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Swiping through friends’ dating apps gives me a legal high.
What bothers me the most is the fact that I’m not given a chance.” Research on the subject highlights one unfortunate fact: Black women are the lowest on the online-dating totem pole.
An oft-cited Ok Cupid study from 2014 backs this up.
“Eighty-two percent of non-black men on Ok Cupid show some bias against black women,” Christian Rudder, co-founder of Ok Cupid, wrote in a blog post analyzing the data.
She’s tried out Tinder, Plenty of Fish, Ok Cupid, and
Listening to her experiences makes me want to set something on fire.
Christian has seen profiles declaring that they’re interested in every race except black women, and someone once told her “her kind” wasn’t “good enough to date.” Another guy said he’d “always wanted to try a black girl” because rumor had it we’re like “sexual toys.” “I cried that night [after I got that message],” says Christian.
“All I want is to date a respectable, professional man of any color who loves me with all my chocolate skin and rolls.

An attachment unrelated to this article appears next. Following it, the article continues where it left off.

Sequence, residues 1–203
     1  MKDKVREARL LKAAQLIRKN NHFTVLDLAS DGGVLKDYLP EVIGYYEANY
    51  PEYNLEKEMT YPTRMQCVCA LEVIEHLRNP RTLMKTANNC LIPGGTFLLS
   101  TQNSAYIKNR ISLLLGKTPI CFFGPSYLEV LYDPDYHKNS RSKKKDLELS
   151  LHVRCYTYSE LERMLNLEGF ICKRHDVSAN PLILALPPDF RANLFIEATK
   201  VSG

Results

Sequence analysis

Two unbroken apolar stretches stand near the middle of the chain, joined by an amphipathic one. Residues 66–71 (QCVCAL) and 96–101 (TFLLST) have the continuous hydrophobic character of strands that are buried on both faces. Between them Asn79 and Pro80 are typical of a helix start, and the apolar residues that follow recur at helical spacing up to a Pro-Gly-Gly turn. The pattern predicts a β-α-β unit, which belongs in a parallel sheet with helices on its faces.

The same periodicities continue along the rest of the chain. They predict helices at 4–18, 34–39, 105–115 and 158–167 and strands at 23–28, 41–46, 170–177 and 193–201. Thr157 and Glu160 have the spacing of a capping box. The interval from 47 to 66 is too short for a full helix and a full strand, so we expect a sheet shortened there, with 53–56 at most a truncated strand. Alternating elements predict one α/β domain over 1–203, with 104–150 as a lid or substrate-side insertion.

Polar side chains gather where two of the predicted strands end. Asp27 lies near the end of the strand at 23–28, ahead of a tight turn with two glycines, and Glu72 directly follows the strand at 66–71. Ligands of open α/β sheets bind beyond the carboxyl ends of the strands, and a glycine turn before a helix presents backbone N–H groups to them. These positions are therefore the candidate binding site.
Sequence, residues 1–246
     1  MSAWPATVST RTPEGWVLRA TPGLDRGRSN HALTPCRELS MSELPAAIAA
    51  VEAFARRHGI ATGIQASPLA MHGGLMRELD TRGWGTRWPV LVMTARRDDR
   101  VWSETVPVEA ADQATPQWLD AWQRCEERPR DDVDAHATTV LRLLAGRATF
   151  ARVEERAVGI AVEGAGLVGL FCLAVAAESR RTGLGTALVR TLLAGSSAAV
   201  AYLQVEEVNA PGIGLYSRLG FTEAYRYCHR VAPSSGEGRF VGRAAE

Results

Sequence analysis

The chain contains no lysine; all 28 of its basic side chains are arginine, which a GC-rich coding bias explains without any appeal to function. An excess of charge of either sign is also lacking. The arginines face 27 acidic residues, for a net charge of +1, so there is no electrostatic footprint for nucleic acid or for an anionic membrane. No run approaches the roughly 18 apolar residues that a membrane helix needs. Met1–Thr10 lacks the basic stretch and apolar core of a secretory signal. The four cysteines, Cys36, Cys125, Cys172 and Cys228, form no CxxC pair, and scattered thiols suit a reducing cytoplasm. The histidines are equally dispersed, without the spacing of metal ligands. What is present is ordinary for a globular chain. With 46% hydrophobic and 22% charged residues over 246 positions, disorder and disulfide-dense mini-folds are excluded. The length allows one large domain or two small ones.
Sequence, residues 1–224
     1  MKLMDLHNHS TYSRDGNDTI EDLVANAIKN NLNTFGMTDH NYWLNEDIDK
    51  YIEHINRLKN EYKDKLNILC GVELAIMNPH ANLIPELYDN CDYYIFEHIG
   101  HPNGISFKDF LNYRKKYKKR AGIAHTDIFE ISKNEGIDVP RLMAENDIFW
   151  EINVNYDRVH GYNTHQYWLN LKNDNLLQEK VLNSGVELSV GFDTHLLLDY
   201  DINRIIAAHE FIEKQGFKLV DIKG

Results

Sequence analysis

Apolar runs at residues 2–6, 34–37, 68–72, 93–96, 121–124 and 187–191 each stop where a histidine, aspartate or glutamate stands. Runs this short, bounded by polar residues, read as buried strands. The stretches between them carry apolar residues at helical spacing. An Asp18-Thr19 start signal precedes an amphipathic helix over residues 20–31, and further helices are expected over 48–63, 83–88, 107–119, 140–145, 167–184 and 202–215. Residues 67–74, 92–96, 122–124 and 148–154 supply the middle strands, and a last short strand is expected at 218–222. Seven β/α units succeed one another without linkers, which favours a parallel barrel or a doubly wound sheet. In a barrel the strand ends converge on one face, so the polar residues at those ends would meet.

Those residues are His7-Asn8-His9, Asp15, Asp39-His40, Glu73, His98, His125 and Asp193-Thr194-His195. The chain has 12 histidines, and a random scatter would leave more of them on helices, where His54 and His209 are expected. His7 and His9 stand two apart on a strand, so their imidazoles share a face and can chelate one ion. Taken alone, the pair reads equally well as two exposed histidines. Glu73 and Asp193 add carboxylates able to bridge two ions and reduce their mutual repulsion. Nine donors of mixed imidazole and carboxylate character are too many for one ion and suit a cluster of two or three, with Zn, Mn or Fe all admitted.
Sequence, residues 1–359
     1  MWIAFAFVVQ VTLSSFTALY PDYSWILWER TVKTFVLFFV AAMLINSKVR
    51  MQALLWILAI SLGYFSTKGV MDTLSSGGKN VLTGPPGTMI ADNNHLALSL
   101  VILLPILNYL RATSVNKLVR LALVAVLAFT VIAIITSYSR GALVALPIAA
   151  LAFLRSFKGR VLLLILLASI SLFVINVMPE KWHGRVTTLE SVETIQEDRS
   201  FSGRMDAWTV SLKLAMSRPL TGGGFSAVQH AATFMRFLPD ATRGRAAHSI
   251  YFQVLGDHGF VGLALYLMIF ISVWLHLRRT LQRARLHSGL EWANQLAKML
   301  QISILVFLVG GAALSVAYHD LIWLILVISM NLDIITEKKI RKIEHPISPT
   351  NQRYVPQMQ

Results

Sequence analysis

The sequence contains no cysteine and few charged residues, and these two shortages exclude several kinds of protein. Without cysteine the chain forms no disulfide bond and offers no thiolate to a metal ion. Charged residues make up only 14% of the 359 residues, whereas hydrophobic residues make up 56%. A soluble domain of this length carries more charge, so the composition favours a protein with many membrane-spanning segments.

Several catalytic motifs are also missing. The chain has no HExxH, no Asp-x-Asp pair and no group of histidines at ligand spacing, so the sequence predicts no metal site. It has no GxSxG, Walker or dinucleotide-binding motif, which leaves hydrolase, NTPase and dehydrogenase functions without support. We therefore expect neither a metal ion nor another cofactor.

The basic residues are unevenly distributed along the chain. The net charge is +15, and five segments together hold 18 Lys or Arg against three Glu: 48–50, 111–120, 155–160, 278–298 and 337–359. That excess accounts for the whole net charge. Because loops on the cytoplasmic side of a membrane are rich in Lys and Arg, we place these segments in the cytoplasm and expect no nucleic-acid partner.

They see my delight in swiping, an activity most of them find boring or even disheartening at this point, as refreshing.
But I’ve never actually been on a dating app as myself, a black woman. Yes, online dating seems fun from where I’m standing, but I think doing it as a woman of color would damage my faith in humanity.
Of course, women of all races have to deal with BS online. But women of color lack that extra race-based privilege, which can cause some mind-bogglingly stupid reactions from people in the online dating world.
“As a plus-size black woman attempting to find a suitable mate or at least a date, the results can be pretty sad,” Christian S., 30, a Dallas, Texas-based fitness blogger and the creator of The Plush Cyclist, tells SELF.